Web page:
Last week I wrote about searching the internet to solve your technical problems.
The key to quickly finding the right answer is learning how to use advanced search techniques.
Searching for one-word terms is easy, but as your search terms grow, so do results that are unrelated to your query.
If you are looking for Dallas Cowboys, you will get returns for Dallas football team, Dallas city, ropin’ cowboys and horseback riding.
If you want to narrow your search to just football cowboys, put the words in quotation marks, such as “Dallas Cowboys.”
If you wanted to find web pages about real cowboys, not football players, you could use an exclusion term, which would be cowboys-football.
You can search within a specific location using “site:”, such as searching for Dallas Cowboys YouTube videos with site:youtube.com Dallas Cowboys.
You can call up a full page of advanced searches at google.com/advanced_search. Here you’ll find search boxes containing all of these advanced searches, as well as searches for specific language, regions, or countries including files of a specific type.
You can also turn SafeSearch on or off, which will filter out explicit results.
Did you know that Google can search for images?
If you want to find photos of the Golden Gate Bridge, you can search for that term and click on the “images” link on the results page.
If you have an image that you would like to identify, you can perform a reverse image search and show similar images.
Want more information about that beer you’re drinking? Take a picture of the box and upload it to Google and you will get other pictures of the box with more information.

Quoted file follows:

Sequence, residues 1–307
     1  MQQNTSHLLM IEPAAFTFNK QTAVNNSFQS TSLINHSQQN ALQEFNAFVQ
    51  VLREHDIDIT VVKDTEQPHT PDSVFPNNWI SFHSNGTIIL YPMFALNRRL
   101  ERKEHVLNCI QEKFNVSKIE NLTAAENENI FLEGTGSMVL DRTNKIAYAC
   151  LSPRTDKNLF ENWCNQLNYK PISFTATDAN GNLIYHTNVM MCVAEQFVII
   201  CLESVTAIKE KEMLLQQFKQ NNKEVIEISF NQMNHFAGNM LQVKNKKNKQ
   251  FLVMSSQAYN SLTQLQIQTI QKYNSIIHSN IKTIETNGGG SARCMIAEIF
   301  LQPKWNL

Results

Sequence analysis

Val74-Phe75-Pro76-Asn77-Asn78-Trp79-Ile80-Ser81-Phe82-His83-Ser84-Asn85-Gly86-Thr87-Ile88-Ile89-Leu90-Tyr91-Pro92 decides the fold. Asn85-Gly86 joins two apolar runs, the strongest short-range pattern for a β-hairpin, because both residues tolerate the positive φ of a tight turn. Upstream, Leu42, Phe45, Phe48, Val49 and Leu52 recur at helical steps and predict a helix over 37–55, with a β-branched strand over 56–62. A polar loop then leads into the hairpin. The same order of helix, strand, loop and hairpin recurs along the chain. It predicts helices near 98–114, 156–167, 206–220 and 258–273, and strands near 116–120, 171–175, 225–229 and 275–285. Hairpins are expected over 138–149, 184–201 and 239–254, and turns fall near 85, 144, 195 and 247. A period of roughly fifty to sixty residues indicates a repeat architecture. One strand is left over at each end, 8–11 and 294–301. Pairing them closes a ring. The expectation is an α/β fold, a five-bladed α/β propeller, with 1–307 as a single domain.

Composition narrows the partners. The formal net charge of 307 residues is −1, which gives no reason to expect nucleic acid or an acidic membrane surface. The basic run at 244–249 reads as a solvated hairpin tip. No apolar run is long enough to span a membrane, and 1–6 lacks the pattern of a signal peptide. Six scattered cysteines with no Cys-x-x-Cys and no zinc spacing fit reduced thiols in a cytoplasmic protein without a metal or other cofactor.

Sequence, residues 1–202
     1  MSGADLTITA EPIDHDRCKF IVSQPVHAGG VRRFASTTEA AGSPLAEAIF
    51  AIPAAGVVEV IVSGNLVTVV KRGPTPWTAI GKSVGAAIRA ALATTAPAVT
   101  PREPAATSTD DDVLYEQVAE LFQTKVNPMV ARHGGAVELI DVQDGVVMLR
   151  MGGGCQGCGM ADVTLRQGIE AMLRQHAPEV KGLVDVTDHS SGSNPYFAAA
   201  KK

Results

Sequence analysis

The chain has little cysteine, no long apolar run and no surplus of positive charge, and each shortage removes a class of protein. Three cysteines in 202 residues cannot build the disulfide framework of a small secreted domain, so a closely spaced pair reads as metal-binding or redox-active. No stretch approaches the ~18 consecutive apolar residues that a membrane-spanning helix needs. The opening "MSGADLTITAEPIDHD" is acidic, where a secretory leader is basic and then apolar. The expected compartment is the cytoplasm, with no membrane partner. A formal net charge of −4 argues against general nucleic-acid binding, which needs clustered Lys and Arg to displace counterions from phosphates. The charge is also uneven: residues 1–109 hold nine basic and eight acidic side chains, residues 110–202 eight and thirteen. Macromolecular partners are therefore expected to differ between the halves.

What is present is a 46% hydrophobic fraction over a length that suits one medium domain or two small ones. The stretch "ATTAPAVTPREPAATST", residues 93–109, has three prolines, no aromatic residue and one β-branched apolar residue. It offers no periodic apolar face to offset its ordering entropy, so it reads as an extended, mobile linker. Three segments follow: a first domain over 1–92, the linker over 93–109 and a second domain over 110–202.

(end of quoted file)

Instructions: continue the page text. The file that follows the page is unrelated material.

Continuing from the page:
Search for news
One of my favorite searches for news.
Do you want to find the absolute latest articles on your research topic? Try searching on Google News.
Want to read a review of the concert you attended last week? Type in the band’s name and then click News on the search return page.
Searching for news is also a good way to see what different news outlets have to say on any topic you like.
other search engines
I mentioned Google a lot in this column, but these tips work well in other search engines.
If you don’t use Google for any reason, I recommend Duck Duck Go (duckduckgo.com) as a good search alternative, and the site that doesn’t track you, share, or sell your search history.
You can even make Duck Duck Go your default search engine in most browsers.
Jim Rossman is a technology columnist for the Tribune News Service. It can be accessed at [email protected].
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